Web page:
By the dawn’s early light on Nov. 5, two distinct Americas hove into view. The two Americas are not defined by conventional economic, ethnic or religious categories; it’s not rich America vs. poor America, black America vs. white America, or Catholic America vs. Protestant America.
No, what this year’s election cycle clarified decisively is that the great public fissure in these United States is between the culture of life and the culture of death.
In 1995, when Pope John Paul II introduced the phrase “culture of death” in the encyclical Evangelium Vitae (“The Gospel of Life”), more than a few commentators coughed politely and tried to suggest, if gently, that this terminology was a bit over-the-top — too dramatic, too confrontational, incapable of being heard by those it was intended to persuade.
Thirteen years later, it is obvious that the critics were wrong and John Paul the Great was right. The Pope saw more clearly into the future, thanks to his insight into the forces at work beneath the surface of the present. Now those forces are plainly in view, and the results are clear for all with eyes to see:
–The people of the United States have elected the most radically pro-abortion presidential candidate in American history, and by the largest popular vote percentage garnered by a Democrat since Lyndon B. Johnson.
–The people of the State of Washington have adopted, in a landslide, an act permitting the euthanizing of the sick, elderly and burdensome under the Orwellian rubrics of “death with dignity” and “physician-assisted suicide.”
–The people of California have exercised their sovereign will to prevent the parents of minors from being notified if their daughter intends to have an abortion — although you may be quite certain that said parents would be consulted before said minor’s school nurse administered an aspirin tablet.
–And the people of Michigan have decided to authorize a wholesale slaughter of human embryos for research purposes — at precisely the moment that embryonic stem-cell research has lost much of its scientific luster, thanks to developments in the reprogramming of adult stem cells.
Culture of death, indeed.
What is to be done?
The first order of business at the national level is to prevent the new Congress from passing the federal Freedom of Choice Act (FOCA), an explicit attempt to destroy every state-based pro-life legal achievement of the past three decades. If prevention is impossible and FOCA is enacted, then it must be vigorously challenged in the federal courts.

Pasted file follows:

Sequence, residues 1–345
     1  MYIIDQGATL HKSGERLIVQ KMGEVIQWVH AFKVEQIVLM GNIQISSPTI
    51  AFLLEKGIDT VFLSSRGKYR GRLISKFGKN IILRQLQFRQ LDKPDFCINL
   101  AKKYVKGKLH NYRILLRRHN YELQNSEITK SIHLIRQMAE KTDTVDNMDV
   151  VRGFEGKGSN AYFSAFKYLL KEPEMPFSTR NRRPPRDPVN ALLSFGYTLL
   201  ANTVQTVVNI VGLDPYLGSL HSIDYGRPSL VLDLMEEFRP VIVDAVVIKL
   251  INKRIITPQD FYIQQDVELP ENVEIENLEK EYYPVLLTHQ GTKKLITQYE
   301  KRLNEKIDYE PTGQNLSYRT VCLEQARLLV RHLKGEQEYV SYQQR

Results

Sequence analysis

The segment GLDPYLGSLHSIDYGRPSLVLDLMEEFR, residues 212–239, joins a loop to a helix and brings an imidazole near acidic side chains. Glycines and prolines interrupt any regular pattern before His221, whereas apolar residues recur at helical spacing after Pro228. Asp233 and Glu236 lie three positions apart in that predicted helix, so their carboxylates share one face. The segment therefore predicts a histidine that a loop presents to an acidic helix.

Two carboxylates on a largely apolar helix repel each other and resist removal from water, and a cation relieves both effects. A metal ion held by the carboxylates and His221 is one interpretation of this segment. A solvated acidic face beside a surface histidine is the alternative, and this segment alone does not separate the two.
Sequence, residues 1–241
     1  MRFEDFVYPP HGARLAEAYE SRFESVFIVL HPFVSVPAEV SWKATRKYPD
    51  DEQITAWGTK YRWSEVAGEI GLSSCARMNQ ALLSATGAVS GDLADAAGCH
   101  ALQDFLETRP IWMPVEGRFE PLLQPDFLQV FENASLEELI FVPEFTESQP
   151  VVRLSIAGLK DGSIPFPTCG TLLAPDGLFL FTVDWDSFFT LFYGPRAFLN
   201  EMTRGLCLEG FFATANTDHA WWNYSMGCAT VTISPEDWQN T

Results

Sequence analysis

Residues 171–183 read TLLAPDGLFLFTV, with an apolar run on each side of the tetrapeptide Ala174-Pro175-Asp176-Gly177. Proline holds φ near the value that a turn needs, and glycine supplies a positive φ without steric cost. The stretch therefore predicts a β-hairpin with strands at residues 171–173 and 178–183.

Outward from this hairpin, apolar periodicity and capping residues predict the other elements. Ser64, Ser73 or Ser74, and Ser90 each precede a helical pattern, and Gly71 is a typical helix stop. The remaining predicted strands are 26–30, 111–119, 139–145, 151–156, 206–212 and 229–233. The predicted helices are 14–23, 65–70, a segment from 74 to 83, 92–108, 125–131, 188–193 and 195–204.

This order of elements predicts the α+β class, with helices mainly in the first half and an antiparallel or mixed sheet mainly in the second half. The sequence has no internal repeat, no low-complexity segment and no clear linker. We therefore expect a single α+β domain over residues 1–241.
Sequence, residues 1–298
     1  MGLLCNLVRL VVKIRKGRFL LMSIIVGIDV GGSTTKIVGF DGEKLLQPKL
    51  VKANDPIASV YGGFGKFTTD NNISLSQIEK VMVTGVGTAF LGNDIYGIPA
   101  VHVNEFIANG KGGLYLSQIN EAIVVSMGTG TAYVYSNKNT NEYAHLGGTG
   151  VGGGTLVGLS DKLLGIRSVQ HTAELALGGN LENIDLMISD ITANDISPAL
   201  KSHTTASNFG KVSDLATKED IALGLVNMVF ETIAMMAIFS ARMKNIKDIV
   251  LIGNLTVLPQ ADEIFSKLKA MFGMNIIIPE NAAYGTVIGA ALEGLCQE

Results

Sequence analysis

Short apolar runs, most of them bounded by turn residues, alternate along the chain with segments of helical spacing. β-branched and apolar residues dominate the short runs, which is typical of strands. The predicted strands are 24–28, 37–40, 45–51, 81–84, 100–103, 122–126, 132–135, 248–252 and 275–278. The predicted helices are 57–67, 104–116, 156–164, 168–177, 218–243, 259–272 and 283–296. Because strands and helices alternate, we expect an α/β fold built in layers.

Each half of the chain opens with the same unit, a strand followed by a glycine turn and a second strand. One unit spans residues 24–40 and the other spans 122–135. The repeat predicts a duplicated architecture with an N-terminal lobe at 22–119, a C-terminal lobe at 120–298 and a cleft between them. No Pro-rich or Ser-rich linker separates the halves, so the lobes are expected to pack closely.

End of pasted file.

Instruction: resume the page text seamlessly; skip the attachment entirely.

The stakes are very, very high. In addition to facilitating a greater slaughter of the innocents, FOCA, by eliminating state conscience-clause protections for pro-life health care professionals, would create a situation in which the Catholic health care system as we know it would cease to exist, within a decade at most.
Then we come to adult catechesis. This year, the pro-abortion candidate carried every state in what Maggie Gallagher calls the “Decadent Catholic Corridor” — the Northeast and the older parts of the Midwest. Too many Catholics there are still voting the way their grandparents did, and because that’s what their grandparents did. This tribal voting has been described by some bishops as immoral; it is certainly stupid, and it must be challenged by adult education. That includes effective use of the pulpit to unsettle settled patterns of mindlessness. This year, a gratifying number of bishops began to accept the responsibilities of their teaching office; so, now, must parish pastors.
We need more persuasive ideas and language in the fight against euthanasia. Yes, the good guys were outspent in Washington State by orders of magnitude — and that should cause serious examinations of conscience among Catholic philanthropies and individuals of means. But, as in the debate over embryo-destructive stem-cell research, the culture of life has yet to develop a language that trumps the invocation of “compassion” when that’s misused by the culture of death.
And we need prayer — lots of it. Some demons require special powers to exorcize. As of Nov. 5, it is clear that certain of them have taken up residence in the United States of America.
George Weigel is Distinguished Senior Fellow of the Ethics and Public Policy Center in Washington, D.C. and holds EPPC’s William E. Simon Chair in Catholic Studies.